Class Action Database: This will be on Experian’s public record

A class action settlement involving payday lending company MoneyMutual’s promotion of unlicensed lenders in California was among 17 new settlements added to the Consumer Action Class Action Database during July.

Of note this month are the consolidated lawsuits Clark v. Experian Information Solutions, Inc. and Brown v. Information Solutions, Inc. (collectively referred to as the “Experian Public Record Settlement”).

The plaintiffs filed a class action against the consumer credit reporting agency Experian, alleging it violated the Fair Credit Reporting Act (FCRA) by failing to disclose the source of its public information records, thereby making it difficult for plaintiffs to correct errors they discover in their Experian credit reports. After requesting copies of their reports, plaintiffs found inaccurate public record items, including court judgments, tax liens and bankruptcies.

Experian denied the allegations but agreed to a settlement nonetheless.

The settlement provides two years of Experian IdentityWorksSM Plus credit monitoring service for free to all class members. Members who “are able to provide certain types of documentation” showing harm due to Experian’s inaccurate tax lien and/or civil judgment reporting can use mediation services established by the settlement to determine whether they are eligible to receive payments (and how much) from Experian for their individual claims of harm (e.g., a bank did not issue the class member a home loan due to false information contained in the report). For more information on the mediation program, click here.

Experian also agreed to stop reporting state and federal tax liens and civil judgments through Feb. 22, 2019 (the date the settlement went into effect), and to disclose the names and addresses of any vendors supplying public records. For three years from this date, Experian may only report newly acquired civil judgments and state and federal tax liens after providing Class Counsel with the details of the new record collection process.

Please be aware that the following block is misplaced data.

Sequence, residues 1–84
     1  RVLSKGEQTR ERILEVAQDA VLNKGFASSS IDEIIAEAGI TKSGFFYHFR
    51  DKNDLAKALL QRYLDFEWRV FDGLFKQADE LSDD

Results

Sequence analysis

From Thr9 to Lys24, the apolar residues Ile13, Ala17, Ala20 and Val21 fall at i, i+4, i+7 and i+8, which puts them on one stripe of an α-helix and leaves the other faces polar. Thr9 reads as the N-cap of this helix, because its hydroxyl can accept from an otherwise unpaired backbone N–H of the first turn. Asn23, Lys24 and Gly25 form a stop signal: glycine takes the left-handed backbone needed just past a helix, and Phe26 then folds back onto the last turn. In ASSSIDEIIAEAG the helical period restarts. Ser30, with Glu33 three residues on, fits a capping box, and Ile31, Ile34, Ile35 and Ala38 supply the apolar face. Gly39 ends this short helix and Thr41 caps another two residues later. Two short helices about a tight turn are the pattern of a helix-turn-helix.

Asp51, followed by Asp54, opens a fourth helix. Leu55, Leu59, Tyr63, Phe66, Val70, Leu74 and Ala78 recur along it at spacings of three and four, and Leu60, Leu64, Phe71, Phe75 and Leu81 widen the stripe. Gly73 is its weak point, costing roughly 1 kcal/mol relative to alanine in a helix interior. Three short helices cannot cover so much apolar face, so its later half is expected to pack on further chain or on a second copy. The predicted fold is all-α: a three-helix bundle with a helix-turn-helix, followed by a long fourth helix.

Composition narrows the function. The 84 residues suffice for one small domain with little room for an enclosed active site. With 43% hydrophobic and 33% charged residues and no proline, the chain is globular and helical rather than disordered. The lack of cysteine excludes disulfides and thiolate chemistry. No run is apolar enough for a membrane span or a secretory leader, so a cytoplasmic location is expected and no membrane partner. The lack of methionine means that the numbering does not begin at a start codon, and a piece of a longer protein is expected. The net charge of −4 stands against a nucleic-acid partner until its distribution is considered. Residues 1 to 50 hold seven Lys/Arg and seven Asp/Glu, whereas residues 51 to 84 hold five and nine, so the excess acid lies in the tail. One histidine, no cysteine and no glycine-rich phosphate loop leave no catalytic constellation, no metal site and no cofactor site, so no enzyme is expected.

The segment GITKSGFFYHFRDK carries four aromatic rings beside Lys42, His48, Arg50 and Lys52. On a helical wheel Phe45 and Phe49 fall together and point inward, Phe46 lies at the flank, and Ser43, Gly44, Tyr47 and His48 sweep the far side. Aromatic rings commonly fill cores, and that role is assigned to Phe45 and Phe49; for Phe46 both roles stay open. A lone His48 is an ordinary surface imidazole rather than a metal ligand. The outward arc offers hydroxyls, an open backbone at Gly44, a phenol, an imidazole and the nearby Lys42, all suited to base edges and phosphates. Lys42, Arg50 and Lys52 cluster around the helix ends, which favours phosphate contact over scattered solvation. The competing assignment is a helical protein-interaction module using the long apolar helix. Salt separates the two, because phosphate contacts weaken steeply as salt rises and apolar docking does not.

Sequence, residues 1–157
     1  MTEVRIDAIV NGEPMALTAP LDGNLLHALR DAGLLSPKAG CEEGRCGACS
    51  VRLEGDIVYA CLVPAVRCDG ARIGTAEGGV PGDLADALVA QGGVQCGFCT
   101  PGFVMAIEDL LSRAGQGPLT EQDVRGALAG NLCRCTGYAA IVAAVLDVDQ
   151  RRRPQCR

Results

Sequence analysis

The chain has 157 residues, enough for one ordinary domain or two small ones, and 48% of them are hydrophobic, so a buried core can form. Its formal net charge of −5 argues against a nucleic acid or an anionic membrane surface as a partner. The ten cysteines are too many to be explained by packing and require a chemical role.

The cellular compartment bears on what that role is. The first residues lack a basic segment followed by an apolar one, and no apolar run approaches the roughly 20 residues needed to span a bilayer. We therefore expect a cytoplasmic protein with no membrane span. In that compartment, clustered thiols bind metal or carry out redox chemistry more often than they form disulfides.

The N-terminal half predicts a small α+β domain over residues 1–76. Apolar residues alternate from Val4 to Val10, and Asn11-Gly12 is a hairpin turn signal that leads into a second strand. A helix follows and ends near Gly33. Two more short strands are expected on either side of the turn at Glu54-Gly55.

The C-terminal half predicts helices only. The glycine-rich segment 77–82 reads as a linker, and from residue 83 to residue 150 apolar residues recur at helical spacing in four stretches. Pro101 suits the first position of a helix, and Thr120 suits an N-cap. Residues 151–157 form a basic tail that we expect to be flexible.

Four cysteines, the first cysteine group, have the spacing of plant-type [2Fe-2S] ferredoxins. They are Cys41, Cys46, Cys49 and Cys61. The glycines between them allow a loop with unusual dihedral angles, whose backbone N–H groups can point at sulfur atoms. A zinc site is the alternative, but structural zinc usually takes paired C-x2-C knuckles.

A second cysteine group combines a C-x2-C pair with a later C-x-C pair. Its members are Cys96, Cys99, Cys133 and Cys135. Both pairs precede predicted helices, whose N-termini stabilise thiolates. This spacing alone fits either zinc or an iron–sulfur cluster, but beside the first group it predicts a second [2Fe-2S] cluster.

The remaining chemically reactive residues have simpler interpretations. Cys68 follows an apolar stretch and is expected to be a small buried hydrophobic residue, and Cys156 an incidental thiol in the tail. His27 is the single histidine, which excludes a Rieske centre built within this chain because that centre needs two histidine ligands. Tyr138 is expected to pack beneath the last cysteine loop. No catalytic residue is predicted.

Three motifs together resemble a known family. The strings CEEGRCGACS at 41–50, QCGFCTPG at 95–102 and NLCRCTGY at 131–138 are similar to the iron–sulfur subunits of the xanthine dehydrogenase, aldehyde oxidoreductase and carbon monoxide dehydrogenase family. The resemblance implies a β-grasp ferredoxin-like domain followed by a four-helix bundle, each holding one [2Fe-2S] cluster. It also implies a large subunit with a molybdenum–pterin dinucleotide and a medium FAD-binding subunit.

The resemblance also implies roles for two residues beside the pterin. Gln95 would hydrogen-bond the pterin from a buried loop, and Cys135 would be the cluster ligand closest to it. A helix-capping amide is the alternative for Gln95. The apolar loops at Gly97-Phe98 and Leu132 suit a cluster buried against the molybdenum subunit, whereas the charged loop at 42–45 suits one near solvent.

You are part of the class if Experian sent you a credit report containing tax lien, civil judgment or bankruptcy information but did not identify the identity of the vendor providing these public records (between Jan. 15, 2011 and Sept. 21, 2018) and/or if Experian gave your credit report (containing inaccurate information about tax liens or civil judgments) to a third party between Jan. 15, 2014 and Sept. 21, 2018.

The claims deadline is Aug. 22, 2020.

About Consumer Action

Consumer Action is a non-profit 501(c)(3) organization that has championed the rights of underrepresented consumers nationwide since 1971. Throughout its history, the organization has dedicated its resources to promoting financial and consumer literacy and advocating for consumer rights in both the media and before lawmakers to promote economic justice for all. With the resources and infrastructure to reach millions of consumers, Consumer Action is one of the most recognized, effective and trusted consumer organizations in the nation.

Consumer education. To empower consumers to assert their rights in the marketplace, Consumer Action provides a range of educational resources. The organization’s extensive library of free publications offers in-depth information on many topics related to personal money management, housing, insurance and privacy, while its hotline provides non-legal advice and referrals. At Consumer-Action.org, visitors have instant access to important consumer news, downloadable materials, an online “help desk,” the Take Action advocacy database and seven topic-specific subsites. Consumer Action also publishes unbiased surveys of financial and consumer services that expose excessive prices and anti-consumer practices to help consumers make informed buying choices and elicit change from big business.

Community outreach. With a special focus on serving low- and moderate-income and limited-English-speaking consumers, Consumer Action maintains strong ties to a national network of more than 6,000 community-based organizations. Outreach services include training and bulk mailings of financial and consumer education materials in many languages, including English, Spanish, Chinese, Korean and Vietnamese. Consumer Action’s network is the largest and most diverse of its kind.

Advocacy. Consumer Action is deeply committed to ensuring that underrepresented consumers are represented in the national media and in front of lawmakers. The organization promotes pro-consumer policy, regulation and legislation by taking positions on dozens of bills at the state and national levels and submitting comments and testimony on a host of consumer protection issues. Additionally, its diverse staff provides the media with expert commentary on key consumer issues supported by solid data and victim testimony.